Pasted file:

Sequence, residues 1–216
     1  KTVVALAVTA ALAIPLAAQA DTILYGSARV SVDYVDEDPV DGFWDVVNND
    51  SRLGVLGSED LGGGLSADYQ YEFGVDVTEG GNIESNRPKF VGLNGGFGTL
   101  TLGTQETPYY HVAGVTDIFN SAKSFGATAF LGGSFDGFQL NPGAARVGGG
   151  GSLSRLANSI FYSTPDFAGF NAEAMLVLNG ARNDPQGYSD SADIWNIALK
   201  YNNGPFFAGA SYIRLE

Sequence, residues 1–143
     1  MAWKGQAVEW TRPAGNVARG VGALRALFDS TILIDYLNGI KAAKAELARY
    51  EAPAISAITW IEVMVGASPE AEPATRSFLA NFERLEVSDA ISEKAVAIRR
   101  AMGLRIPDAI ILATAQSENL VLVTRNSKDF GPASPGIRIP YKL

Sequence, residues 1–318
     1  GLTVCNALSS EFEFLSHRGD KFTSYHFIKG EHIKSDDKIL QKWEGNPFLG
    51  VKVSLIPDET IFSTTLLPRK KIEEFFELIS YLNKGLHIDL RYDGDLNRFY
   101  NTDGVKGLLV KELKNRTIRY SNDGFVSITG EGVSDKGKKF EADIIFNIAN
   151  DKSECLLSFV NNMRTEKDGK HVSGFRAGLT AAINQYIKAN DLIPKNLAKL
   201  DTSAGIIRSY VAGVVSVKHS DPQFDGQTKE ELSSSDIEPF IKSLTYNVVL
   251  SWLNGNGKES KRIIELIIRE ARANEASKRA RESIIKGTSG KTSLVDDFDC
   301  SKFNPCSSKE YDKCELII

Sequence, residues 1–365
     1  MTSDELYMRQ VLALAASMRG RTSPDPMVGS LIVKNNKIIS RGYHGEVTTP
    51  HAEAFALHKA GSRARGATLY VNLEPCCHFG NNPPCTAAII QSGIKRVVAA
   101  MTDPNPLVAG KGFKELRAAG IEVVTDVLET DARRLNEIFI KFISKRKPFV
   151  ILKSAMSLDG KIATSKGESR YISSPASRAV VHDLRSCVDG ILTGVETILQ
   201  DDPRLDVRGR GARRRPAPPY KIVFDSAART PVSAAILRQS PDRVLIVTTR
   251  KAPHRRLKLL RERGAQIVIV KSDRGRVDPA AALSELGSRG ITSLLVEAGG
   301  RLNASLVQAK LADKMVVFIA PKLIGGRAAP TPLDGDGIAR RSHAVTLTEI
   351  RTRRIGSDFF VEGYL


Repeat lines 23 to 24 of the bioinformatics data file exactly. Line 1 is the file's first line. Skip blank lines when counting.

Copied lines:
   151  ILKSAMSLDG KIATSKGESR YISSPASRAV VHDLRSCVDG ILTGVETILQ
   201  DDPRLDVRGR GARRRPAPPY KIVFDSAART PVSAAILRQS PDRVLIVTTR